B2B Branding – Why Branding Matters in B2B Marketing
Strewn around my house are pens, coffee cups, calculators, USB memory sticks, and assorted swag from various companies I’ve met over the years. What is the purpose of all this stuff? Does having a leather portfolio with a vendor’s logo on it make me more likely to buy their products?
Proponents of swag will argue that it builds brand by getting the business’s name in the office of potential influencers and purchasers, where it will stay top of mind. Is this really effective? Put more broadly, does branding even matter at B2B companies? Or is branding a waste of time and budget compared to “hard ROI” activities that can be proven to drive revenue?
In this post, Part One of an occasional series on B2B Branding, I’ll explain why I think branding is important to B2B companies, and why it should be part of your overall B2B marketing strategy. In Part Two, I’ll discuss the subtle differences between brand and reputation. And in Part Three, I’ll give tips for how B2B marketers should think about building their brands and measuring their results. (And guess what? Giving out swag is not one of the tips.)
Some May Disagree
Some experts argue that branding plays no role in B2B marketing. Their arguments typically include:
- B2B buyers are rational decision makers (or a committee of rational decision makers) who are not swayed by emotional factors such as brands.
- B2B purchases are all about the relationship between the individual sales rep and the buyer; if the B2B brand means anything, it is created by the sales rep.
- B2B products do not promise to make you “cool” or “sexy” or any other aspirational attribute. Price is the only thing that matters.
- B2B products are too complex to reduce to a tagline or ad.
- B2B companies sell to narrow audiences, so advertising to
create a brand does not make sense.
Even one of the most respected thinkers in business marketing, Geoffrey Moore, recently wrote that branding has no relevance to complex B2B companies, arguing that:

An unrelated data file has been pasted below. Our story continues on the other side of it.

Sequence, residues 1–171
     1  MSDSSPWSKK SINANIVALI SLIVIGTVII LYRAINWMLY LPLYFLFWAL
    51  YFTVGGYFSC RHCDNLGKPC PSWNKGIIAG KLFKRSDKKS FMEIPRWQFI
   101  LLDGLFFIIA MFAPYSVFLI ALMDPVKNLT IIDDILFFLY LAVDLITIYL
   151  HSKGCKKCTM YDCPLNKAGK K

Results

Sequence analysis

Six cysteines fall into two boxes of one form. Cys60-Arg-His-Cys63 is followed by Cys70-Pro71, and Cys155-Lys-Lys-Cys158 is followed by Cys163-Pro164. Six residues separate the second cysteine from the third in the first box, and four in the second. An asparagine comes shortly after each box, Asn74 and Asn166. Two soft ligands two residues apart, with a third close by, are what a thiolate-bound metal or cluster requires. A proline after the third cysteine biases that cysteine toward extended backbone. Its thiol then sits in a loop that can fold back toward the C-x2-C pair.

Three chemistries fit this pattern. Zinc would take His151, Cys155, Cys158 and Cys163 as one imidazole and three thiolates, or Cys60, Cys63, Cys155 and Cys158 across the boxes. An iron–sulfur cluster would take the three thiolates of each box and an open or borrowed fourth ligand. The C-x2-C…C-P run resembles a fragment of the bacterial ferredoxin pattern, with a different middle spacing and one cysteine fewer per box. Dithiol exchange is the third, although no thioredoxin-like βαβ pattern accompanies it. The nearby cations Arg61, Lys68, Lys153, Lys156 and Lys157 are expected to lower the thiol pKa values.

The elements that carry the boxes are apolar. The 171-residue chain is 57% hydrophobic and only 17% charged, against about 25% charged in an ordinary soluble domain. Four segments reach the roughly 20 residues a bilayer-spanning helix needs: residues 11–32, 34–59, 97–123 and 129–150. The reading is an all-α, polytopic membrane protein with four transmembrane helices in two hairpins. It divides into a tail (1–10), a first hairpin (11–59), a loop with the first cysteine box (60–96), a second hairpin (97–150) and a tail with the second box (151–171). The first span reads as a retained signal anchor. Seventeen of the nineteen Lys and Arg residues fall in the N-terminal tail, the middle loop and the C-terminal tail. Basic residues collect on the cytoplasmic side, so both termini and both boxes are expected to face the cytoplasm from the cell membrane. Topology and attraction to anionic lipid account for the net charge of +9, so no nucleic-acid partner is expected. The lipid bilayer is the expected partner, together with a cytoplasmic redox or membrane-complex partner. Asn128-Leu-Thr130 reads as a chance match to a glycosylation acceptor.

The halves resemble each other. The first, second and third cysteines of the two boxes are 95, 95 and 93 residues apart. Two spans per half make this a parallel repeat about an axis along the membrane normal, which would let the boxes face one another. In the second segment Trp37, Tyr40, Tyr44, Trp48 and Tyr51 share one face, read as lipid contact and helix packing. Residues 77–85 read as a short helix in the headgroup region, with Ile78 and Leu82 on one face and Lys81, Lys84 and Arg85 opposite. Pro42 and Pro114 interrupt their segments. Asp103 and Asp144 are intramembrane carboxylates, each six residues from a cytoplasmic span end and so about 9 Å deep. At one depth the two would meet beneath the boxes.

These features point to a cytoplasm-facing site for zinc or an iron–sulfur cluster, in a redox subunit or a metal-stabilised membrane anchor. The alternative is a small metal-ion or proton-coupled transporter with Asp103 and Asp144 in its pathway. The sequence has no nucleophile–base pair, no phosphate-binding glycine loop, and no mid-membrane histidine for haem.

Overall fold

Business Buyers Have Emotions Too
Despite those arguments, my belief is that branding does matter to B2B marketers, and for one main reason: B2B buyers are still people, and people are emotional. And, as research increasingly indicates, emotions impact economic decision making. In Blink: The Power of Thinking Without Thinking, Malcolm Gladwell writes that buyers make most decisions by relying on their two-second first impressions based on stored memories, images and feelings.
More generally, research shows that emotions impact how decisions are framed and are heavily involved in the creation of heuristics. A heuristic is a simple, efficient shorthand that simplifies decision making. They can guide which information and options are considered and which are rejected, and can bypass rational decision making altogether. (Another interesting bit of research found that buyers who had fewer options and considered fewer criteria were more satisfied with their purchase than those with a more complete decision process.) Often, heuristics are useful: if you find yourself in Africa threatened by a lion, you don’t have time to evaluate all your options rationally. But heuristics also bypass rational decision making, which is the source of many biases.
Kevin Randall of Movéo Integrated Branding writes that B2B buyers are overwhelmed with choices, features, benefits, information, data, and metrics. The typical RFP process involves dozens of potential vendors and hundreds of questions – more information than any buyer could evaluate. The fact that B2B buyers have emotions means that no matter how disciplined a buying process is, they will still use heuristics to simplify their decision making. This may be conscious, since the buyer knows she can’t learn everything about every potential vendor, or it may be subconscious. In fact, whether or not the buyer realizes it, the decision is often made long before the buying process is completed. When this happens, even subconsciously, much of the buying process ends up being an effort to justify the initial emotional decision.